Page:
MANILA, Philippines—Perhaps fearful of a public backlash, no senator or representative in the 16th Congress has so far requested the allocation of his pork barrel fund for any project, Budget Secretary Florencio Abad said on Tuesday.
Abad said the Department of Budget and Management (DBM) had not received any endorsement of Priority Development Assistance Fund (PDAF) requests from either the Senate or the House of Representatives since Congress convened on July 22.
That was why, Abad said the DBM had stopped the processing of PDAF, for now.
“Normally, requests are made about this time. Probably because of the raging controversy and possible changes in policy, the legislators have held off submitting their requests,” he said in a text message to the Inquirer.
Five senators and 23 representatives have been implicated in the alleged conversion of P10-billion PDAF into kickbacks over 10 years by businesswoman Janet Lim-Napoles, using dummy foundations, fake beneficiaries and forged signatures of officials.
The Inquirer ran a series on this, and this was corroborated by the findings of the Commission on Audit (COA) in a special audit of the PDAF from 2007 to 2009.
The COA reported on Friday that at least 74 legislators exceeded their annual allocations of P70 million for representatives and P200 million for senators between 2007 and 2009. COA chair Grace Pulido-Tan said the findings were appalling.
Of the P12.018 billion taxpayer money allocated to the pork barrel of legislators, only about 10 to 20 percent were spent on the actual projects.
The COA report identified 371 legislators who accounted for P8.374 billion worth of pork barrel in soft projects, and P32.347 billion in hard projects.
What had been processed so far were requests for PDAF allocation carried over from the previous Congress, Abad said.
“That still covered the last Congress, not this new one,” he said, referring to the first tranche of PDAF allocations released this year. “But there are still carryover PDAF not yet requested from that congressional batch.”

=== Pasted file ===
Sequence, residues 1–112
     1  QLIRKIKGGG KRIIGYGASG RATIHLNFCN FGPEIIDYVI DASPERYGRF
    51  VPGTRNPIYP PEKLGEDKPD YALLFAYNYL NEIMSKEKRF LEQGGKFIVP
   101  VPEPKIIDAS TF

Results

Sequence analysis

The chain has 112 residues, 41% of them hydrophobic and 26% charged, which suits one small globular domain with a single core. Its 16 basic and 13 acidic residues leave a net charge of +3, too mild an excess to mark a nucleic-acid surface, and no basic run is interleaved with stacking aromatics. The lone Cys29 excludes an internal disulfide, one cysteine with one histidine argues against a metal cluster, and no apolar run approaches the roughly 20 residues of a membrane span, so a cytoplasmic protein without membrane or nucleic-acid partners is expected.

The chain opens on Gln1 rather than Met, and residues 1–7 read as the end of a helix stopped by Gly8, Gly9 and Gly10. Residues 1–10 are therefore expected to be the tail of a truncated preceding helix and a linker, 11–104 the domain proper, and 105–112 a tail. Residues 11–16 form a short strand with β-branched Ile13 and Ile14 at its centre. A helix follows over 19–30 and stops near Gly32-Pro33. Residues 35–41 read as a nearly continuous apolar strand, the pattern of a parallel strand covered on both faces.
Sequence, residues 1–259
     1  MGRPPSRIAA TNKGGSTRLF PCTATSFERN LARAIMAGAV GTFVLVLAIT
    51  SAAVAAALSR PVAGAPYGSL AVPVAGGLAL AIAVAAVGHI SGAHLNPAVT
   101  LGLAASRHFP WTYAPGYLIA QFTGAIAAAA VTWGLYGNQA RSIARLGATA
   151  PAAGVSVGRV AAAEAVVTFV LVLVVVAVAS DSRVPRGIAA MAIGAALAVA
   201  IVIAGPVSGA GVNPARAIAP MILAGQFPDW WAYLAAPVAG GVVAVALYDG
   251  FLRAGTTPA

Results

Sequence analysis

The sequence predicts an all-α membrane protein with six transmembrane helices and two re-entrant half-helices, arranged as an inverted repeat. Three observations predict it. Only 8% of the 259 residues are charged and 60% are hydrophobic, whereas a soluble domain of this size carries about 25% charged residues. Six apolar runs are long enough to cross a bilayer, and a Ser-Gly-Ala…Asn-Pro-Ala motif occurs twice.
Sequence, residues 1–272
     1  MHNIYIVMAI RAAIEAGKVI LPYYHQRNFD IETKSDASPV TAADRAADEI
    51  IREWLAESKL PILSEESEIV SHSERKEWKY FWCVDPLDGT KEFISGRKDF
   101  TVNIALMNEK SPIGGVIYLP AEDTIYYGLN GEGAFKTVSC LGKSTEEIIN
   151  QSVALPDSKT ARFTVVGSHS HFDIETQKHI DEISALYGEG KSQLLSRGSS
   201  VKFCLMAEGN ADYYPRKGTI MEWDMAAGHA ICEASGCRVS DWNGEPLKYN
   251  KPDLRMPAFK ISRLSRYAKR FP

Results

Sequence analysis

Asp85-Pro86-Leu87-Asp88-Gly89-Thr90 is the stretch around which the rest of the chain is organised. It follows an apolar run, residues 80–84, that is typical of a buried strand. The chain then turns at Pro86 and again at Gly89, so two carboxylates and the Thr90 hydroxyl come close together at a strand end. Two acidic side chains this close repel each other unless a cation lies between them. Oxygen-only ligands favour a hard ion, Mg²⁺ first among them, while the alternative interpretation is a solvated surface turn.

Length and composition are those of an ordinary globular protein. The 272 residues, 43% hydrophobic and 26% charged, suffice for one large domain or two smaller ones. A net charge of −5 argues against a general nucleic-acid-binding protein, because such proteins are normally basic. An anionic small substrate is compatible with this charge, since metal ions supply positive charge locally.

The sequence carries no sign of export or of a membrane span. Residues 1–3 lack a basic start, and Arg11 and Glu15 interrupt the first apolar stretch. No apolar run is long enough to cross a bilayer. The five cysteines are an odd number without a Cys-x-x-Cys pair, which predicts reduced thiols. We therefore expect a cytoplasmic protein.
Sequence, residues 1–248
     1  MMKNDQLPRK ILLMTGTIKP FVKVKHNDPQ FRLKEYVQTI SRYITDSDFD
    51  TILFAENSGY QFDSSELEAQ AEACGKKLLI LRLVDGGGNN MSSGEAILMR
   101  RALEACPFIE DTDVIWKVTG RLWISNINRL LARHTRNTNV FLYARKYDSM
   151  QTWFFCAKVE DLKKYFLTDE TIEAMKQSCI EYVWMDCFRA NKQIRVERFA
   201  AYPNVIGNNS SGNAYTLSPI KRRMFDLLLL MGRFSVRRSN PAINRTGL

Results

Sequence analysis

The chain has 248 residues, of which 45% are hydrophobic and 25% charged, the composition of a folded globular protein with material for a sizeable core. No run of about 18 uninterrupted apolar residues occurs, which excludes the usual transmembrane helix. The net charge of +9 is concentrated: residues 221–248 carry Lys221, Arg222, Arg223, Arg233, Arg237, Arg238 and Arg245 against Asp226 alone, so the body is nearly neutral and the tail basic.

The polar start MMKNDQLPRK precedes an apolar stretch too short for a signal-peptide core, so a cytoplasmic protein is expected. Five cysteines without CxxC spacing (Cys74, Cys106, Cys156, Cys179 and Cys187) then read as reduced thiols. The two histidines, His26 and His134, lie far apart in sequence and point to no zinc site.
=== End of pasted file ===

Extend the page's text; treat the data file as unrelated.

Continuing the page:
On Monday night, President Aquino told GMA 7 that the release of PDAF in the second half had been suspended pending proper liquidation of the earlier tranche and completion of the inquiry into the pork barrel scam by the National Bureau of Investigation.
PDAF to be retained
The President said charges would be filed against anybody found to have committed improper liquidation.
Earlier Monday, Aquino rejected the clamor for the abolition of the PDAF and argued it had benefited rural communities’ needs otherwise not noticed by the national government. Besides, any misuse could be plugged by more stringent safeguards, he added.
Part of the safeguards drawn up by DBM was to limit the menu of projects that could be funded by the lawmakers’ PDAF, but some argued that this was still open to corruption.
“We are determined to pursue good governance on all fronts, including PDAF administration,” said Secretary Herminio Coloma of the Presidential Communication Operations Office. “The government will file solid cases and exact accountability from those who have misused public funds.’’
Meanwhile, deputy presidential spokesperson Abigail Valte said the Senate was free to inquire into the pork barrel scam even though this was being investigated by the NBI.
“The probe is perfectly within the jurisdiction of the Senate, in aid of legislation. Anyway, the NBI has already started its own investigation,” she said.